He was so comfy in his little house I hated to disrupt his life to clean up.
I was also going through the mail, the comments you folks nicely make about my blogs, and guess what …? Now I have to tell you that I read all the comments, but when I’m at sea dealing with lousy satellite Internet I sometimes miss things, as was the case here. Looking through old comments and I found a whole pile of snakes!! Well, sorta, in a digital kind of way.
I’d written a blog about Poisonous Snakes in Panama and a reader made the interesting and thorough comment below. So I decided to find out who this snake guy was and it turns out he really is an expert and knows of which he speaks. His name is Eric A. Nicolaisen and, among other things he has some cabanas he rents out at his home on the edge of the Chagres National Park and is involved in various educational programs. I found this very informative and i’m sure that you will as well.
Difference Between Poisonous and Venomous: Poison is a broad term for any substance that irritates or kills. It is also used in a restricted sense for any harmful substance that enters the body by absorption through the skin or through eating or breathing. Poison ivy, for instance, irritates the skin; poison dart frogs kill predators that swallow them. Such plants and animals are called poisonous. Venom is a poison that one animan-whether a spider, a snake, or a bee injects into another animal. Thus a snake or scorpion that injects a poison by biting or stinging is called venomous.
Panama in comparison: Panama for its small size 29,208 square miles (75,517 square kilometers); a country smaller than the state of South Carolina or slightly bigger than Ireland or Austria, has more venomous snakes than the entire United States, in the United States only 10% of the snake species are venomous. Panama has 130 species of snakes, 25 species or approximately 19% are highly venomous. The United States has only 17 venomous snakes (12 species of rattle snakes, cotton mouth, 2 species of copperhead, 3 species of coral snakes) and three states do not even have one poisonous snake (Alaska, Maine and Hawaii). There are approximately 3,000 known species of snakes in the world, with the vast majority of species being non-venomous. Only 13.3% or 410 species inject venom and are considered venomous, some highly venomous and some are mildly venomous and only 250 are able to kill a human with one bite.
Nearly three-quarters of the world’s venomous snakes (148 species) are native to Latin America. Central America has 34 species of highly venomous snakes; Panama has the most (25 species), followed by Guatemala (19 species), Costa Rica (17 species), Honduras (14 species), Nicaragua (14 species), Belize (9 species) and El Salvador the least (7 species). Tropical and subtropical regions have more venomous snakes than temperate regions. Snake bites are more common in tropical regions and in areas that are primary agricultural, due to the fact that large numbers of people coexist with numerous snakes. The West Indies in the Caribbean consists of hundreds of islands but venomous snakes are only found on a few of the islands; while endemic venomous snakes are only found on five islands. (Islands that have venomous snakes: St. Lucia, Martinique, Tobago, Trinidad, Margarita and Los Testigos).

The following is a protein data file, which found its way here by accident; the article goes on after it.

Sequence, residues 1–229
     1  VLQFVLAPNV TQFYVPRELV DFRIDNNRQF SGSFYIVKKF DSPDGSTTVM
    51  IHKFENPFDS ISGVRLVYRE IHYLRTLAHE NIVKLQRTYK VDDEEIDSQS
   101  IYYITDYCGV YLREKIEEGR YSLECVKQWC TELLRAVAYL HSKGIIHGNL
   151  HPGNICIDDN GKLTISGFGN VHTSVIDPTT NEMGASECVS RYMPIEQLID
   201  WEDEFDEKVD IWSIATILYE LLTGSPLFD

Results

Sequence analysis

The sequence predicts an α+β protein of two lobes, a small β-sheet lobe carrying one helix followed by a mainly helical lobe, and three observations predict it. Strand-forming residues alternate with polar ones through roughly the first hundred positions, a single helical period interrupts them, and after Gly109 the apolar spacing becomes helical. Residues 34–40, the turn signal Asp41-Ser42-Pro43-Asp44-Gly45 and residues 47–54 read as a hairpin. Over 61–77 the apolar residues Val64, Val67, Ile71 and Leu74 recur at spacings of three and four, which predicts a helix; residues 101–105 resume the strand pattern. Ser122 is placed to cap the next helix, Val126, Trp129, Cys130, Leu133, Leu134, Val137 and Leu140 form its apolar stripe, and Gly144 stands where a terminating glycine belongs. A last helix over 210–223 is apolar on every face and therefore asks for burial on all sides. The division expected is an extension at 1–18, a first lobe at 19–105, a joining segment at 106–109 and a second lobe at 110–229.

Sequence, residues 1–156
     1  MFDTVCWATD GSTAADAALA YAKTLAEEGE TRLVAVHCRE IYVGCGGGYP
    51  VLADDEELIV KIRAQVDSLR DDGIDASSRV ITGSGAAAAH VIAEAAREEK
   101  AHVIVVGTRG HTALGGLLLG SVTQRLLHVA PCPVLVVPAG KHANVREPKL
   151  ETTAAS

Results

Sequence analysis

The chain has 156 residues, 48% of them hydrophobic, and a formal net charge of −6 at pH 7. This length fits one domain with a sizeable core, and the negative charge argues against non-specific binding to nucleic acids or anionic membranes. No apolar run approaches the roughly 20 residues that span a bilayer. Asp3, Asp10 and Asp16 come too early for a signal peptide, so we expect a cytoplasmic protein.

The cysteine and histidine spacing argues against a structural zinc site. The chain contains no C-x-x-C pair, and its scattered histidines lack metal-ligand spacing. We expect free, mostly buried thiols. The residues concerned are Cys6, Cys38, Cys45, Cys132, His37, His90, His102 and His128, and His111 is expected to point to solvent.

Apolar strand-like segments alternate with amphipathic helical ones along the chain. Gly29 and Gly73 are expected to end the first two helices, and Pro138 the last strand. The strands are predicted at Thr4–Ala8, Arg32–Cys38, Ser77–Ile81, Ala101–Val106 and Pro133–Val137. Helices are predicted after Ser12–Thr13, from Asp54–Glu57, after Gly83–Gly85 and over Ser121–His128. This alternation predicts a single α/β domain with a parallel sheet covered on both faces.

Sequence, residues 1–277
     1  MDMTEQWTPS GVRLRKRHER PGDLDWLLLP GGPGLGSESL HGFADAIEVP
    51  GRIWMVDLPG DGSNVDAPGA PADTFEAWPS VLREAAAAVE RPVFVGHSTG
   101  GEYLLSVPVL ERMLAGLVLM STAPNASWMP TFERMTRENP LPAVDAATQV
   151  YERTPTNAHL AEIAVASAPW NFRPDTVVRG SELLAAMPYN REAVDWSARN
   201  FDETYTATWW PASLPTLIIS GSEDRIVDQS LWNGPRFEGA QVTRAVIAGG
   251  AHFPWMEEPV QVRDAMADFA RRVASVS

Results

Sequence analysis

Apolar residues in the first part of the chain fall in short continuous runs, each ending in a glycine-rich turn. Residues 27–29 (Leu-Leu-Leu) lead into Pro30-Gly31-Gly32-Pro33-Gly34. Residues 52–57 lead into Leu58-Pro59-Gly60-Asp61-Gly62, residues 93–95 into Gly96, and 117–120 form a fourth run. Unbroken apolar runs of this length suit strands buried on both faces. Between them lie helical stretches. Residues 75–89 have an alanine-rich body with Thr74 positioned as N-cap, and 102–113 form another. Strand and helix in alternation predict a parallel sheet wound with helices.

Panama also has 21 rear fanged mildly-venomous snakes.
Panama has the largest incidence of snake bites registered in Central America; approximately 1,500 snake bites per year, with approximatley 18-20 deaths. A mortality rate of 1.25%. Over a 22 year period (1991-2012) 33,016 snake bites were reported with a yearly average of 1,500.7 bites per year.
Snake bites by comparison: Panama 54-62 cases per 100,00, Brazil1 2-14 cases per 100,000, Costa Rica 16 cases per 100,000, Colombia 6 cases per 100,000.
The provinces in Panama with the largest incidence of snake bite are: Veraguas 450, Coclé 258, Chiriquí 200, Panama west 175, Panama Metro 167;
according to statistics from the Minister of Health (MINSA) Department of Epidemiology. In Veraguas province 95% of venomous snake bites are from the fer-de-lance. (Statistics 2010).
Fer-de-lance’s inflict more than 90% of the snake bites in Panama that result in an amputation or death.
Most snake bites in Panama occur during June – October during the height of the rainy season. Most of those bitten are agricultural workers; snake bite is a major occupational hazard for rural people.
In Panama 50% of snake bites are located on the feet.
Panama purchases between 10-13 thousand vials of polyvalent antivenin a year, from the Clodomiro Picado Institute in San Jose, Costa Rica. Each vial cost the Minister of Health approximately $20 per vial. A venomous snake bite victim may need as many as 6-10 vials for treatment.
I find this photo interesting because I didn’t know we had porcupines in Panama … until one of my dogs arrived home one night with a mouth full of porcupine quills! We took him to the home of a vet in David that night and it took the vet two hours to remove 75 quills from Bobbi’s mouth and throat. Vet bill … hand on to your seats all you folks in North America … $45 including medication.
This article shouldn’t dissuade you from thinking Panama is paradise. Nothing is perfect. The key with snakes is to watch where you are walking, but since I have three dogs, four including our bastard, illegitimate, loving former street dog Bobbi, with four dogs on the farm you’d better watch where you step! This article … the 50% of snake bites located in the feet … is gong to make me go out and buy a pair of rubber boots like our Indigenous workers have been urging me to do for years, and give up on farming in my comfortable Keens.